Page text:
1. The opportunity for EXTENSIVE culture-making in the U.S. In an interview, sociologist Peter Berger That Observed in the U.S. evangelicals are shifting from being Largely a blue-collar constituency to becoming a college educated population.
His question is - will Christians going into the arts, business, government, the media, and film a) assimilate to the culture Existing baseline narratives So They Become In Their views and values he same as other secular professionals and elites, or b) will they seal off and privatize Their faith So THAT from Their Work, Effectively, They do not do Their work in any distinctive way, or c) will they do enough new Christian 'culture-making' In Their fields to change things? (See http://www.virginia.edu/iasc/HHR_Archives/AfterSecularization/8.12PBerger.pdf )
Two. The rise of Islam. How do Christians relate to Muslims When We live side by side in the same society? The record in places like Africa and the Middle East is not encouraging! This is more of an issue for the church in western Europe than in the U.S., but it is going to be a growing concern in America as well.
How can Christians be at the very same time a) good neighbors, seeking Their Whether They convert good or not, and still b) Effectively attractively and invite Muslims to Consider the gospel?
Three. The new non-western Global Christianity. The demographic center of Christian gravity has shifted from the west Already to Asia, Latin America, and Africa. The rising urban churches of China may be Particularly influential in the future. But the west still has the Educational Institutions, the money, and a great deal of power.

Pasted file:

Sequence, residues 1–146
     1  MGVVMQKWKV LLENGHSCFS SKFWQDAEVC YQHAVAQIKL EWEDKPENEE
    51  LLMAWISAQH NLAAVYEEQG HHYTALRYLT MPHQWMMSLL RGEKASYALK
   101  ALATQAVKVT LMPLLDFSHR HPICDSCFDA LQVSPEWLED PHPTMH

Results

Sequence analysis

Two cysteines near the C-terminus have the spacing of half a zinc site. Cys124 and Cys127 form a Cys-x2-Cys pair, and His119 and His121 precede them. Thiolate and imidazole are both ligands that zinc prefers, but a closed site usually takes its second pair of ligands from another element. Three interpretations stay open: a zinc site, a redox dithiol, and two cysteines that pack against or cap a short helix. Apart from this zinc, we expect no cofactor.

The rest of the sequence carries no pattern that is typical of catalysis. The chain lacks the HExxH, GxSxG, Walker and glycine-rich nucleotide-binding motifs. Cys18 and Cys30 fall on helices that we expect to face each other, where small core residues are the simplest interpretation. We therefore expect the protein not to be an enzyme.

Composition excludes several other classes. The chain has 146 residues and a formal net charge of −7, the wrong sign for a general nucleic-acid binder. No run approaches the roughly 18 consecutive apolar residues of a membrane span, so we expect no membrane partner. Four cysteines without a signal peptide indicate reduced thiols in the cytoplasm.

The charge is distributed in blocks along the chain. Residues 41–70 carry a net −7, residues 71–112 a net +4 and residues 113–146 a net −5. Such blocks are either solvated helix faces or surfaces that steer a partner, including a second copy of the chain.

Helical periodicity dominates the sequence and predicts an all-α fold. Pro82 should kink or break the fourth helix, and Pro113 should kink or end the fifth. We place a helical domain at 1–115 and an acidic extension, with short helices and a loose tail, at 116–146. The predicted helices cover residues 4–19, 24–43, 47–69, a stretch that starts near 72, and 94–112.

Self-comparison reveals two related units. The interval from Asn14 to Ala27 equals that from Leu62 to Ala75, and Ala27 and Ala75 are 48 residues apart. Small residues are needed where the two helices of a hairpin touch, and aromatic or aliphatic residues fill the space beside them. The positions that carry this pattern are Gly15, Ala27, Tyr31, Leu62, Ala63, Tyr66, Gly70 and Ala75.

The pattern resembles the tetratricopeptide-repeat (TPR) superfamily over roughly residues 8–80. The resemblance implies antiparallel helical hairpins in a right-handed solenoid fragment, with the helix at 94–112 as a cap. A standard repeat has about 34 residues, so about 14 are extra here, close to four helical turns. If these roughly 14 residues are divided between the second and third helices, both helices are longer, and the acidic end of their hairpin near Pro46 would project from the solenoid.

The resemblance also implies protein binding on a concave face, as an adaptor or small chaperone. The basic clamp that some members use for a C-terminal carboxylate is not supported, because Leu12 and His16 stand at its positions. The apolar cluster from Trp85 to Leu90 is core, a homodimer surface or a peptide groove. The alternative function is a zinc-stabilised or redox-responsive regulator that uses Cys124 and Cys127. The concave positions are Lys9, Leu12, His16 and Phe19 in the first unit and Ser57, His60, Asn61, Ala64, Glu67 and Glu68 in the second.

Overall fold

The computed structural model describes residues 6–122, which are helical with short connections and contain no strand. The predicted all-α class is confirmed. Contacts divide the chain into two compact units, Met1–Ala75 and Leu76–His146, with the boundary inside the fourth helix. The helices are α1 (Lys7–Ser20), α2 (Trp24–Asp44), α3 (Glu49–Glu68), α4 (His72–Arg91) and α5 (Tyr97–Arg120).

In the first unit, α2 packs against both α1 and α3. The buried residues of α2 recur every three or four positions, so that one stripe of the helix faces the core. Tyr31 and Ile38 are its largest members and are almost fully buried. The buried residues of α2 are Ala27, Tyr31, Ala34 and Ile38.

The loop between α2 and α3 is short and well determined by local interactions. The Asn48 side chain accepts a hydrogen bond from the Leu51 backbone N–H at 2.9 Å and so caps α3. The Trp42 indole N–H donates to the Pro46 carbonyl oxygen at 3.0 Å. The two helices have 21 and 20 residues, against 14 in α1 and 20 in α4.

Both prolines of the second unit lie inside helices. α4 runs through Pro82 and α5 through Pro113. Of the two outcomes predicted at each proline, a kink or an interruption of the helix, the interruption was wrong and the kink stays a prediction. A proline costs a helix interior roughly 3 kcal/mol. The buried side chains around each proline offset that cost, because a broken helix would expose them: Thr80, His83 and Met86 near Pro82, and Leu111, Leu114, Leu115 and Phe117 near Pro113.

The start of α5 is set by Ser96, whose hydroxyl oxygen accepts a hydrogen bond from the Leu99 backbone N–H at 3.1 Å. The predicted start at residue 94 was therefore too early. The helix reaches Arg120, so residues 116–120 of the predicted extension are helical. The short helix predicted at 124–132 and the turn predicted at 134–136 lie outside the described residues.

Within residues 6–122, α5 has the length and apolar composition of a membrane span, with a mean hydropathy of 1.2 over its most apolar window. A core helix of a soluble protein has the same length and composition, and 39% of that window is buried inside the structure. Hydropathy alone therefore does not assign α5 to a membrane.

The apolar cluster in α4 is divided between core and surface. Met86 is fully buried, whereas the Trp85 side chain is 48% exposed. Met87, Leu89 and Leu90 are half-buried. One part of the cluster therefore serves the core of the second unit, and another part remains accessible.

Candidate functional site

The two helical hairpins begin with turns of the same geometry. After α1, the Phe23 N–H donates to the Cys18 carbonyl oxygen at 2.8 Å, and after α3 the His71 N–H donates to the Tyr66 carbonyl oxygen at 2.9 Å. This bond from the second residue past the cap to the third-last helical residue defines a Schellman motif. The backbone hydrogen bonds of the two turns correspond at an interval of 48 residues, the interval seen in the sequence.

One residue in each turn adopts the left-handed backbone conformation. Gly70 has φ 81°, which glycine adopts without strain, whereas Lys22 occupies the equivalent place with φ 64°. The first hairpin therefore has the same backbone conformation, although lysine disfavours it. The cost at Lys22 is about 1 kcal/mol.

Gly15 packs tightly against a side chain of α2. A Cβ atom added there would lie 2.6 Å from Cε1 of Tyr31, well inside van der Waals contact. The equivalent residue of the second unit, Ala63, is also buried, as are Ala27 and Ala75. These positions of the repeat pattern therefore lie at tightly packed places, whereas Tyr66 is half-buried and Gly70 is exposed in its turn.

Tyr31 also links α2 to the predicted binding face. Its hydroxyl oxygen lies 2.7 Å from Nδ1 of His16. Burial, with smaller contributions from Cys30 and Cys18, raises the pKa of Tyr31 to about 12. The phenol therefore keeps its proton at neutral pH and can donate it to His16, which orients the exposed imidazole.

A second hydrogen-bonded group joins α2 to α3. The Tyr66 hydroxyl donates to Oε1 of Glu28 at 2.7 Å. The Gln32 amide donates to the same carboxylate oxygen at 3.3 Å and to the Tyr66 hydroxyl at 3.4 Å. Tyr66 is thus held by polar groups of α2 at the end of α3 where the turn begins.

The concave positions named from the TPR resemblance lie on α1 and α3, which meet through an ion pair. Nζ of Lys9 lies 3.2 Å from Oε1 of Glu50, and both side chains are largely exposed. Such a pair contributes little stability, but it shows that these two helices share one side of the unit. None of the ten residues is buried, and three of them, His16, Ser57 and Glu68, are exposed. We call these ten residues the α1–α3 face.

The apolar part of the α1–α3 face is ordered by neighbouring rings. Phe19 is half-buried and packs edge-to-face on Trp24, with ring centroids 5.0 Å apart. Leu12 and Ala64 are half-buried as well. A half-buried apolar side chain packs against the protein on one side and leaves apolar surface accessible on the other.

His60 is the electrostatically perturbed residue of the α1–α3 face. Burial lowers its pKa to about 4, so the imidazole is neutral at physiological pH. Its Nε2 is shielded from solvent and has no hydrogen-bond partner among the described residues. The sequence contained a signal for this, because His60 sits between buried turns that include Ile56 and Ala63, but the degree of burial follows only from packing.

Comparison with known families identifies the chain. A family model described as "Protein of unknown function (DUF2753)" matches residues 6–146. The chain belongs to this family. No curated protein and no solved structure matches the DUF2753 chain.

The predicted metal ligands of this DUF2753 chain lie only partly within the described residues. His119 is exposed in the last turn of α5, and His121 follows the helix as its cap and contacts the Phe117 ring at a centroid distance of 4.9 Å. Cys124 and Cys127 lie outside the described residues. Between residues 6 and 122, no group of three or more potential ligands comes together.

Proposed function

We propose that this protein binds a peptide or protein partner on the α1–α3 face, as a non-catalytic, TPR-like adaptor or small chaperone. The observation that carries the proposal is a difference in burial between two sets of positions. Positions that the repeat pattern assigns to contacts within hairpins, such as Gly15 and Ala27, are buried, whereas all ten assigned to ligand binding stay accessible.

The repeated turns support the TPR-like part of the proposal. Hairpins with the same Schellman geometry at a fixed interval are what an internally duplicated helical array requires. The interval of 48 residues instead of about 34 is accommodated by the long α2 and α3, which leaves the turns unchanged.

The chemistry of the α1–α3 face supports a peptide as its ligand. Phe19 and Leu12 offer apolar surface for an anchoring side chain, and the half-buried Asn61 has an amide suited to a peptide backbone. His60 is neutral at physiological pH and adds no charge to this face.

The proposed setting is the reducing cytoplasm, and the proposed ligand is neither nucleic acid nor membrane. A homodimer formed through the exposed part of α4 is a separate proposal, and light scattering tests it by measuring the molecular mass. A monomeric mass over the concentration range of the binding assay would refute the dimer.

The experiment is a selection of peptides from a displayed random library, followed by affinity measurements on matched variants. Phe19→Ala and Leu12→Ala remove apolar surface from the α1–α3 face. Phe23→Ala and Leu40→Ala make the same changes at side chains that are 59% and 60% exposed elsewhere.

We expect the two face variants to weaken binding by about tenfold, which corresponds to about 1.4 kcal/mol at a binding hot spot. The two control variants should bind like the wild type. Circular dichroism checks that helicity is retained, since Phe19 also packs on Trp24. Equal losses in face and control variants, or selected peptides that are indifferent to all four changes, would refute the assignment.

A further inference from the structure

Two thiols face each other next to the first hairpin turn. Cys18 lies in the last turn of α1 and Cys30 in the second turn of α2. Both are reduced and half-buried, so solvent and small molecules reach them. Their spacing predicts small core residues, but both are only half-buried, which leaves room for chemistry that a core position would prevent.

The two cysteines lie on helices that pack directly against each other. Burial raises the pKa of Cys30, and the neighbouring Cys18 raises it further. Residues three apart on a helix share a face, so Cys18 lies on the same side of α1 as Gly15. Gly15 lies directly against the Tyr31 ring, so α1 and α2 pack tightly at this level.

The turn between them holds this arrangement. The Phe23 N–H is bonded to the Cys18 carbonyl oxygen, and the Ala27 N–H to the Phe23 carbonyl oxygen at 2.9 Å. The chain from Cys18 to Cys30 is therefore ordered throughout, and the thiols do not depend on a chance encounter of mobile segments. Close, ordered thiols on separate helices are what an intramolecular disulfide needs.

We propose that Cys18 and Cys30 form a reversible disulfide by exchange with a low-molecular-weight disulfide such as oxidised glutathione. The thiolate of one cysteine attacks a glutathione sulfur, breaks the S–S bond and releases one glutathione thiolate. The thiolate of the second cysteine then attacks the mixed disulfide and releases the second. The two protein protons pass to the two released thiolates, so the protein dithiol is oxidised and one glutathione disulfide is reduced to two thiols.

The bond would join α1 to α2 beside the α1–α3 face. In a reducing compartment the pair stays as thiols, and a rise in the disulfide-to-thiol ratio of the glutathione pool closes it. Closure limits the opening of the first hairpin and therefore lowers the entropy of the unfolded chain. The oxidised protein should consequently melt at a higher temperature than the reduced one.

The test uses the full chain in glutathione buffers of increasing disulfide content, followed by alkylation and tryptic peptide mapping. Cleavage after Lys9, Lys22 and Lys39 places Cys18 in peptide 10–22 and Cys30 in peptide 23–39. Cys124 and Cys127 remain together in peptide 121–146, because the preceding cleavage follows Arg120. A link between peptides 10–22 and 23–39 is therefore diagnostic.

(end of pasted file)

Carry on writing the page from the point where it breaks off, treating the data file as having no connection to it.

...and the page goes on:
What should the relationship of the older western churches to be the new non-western church? How can we use our assets to serve them in ways That are not paternalistic? How can we learn from them in more ways than perfunctory?
April. The culture growing remoteness of the gospel. The basic concepts of the gospel - sin, guilt and accountability before God, the sacrifice of the cross, human nature, afterlife - are becoming culturally strange in the west for the first time in 1500 years . As Lesslie Newbigin has written, it is time now to 'think like a missionary' - to Formulate ways of communicating the gospel That Both confront and engage our increasingly non-Christian western culture.
How do we make the gospel culturally accessible without Compromising it? How can we comunicate it and live it in a way comprehensible to That is people who lack the basic 'mind furniture' to even understand the essential truths of the Bible?
May. ? The end of prosperity With the economic meltdown, the question is - will housing values, endowments, profits, wages, and investments go back to growing at the same rates as doing lot for the last twenty-five years, or growth will be Relatively flat for many years to come? If so, how does the western church, Which Has Become habituated to giving out of fast-increasing invest assets, adjust in the way it carries out ministry? For example, American is now highly professionalized ministry - church staffs are far larger than They Were two generations ago, When a church of 1,000 was only expected to have, Perhaps, two pastors and a couple of other part-time staff. Such a church Today Would have probably eight to ten full-time staff members.
Also, how should adjust the stewardship message? If discretionary assets are one-half of what They Were, more risky, sacrificial giving will be Necessary to do even less than ministry We have been doing.
On top of this, even if we experience one significant act of nuclear or bio-terrorism in the U.S. or Europe, we May Have to throw out all the dubious assumptions basic social and economic progress acerca We have been working for the last 65 off years. In the first half of the 20th century, we had two World Wars and a Depression. Is the church ready for that? How could it be? What does that mean?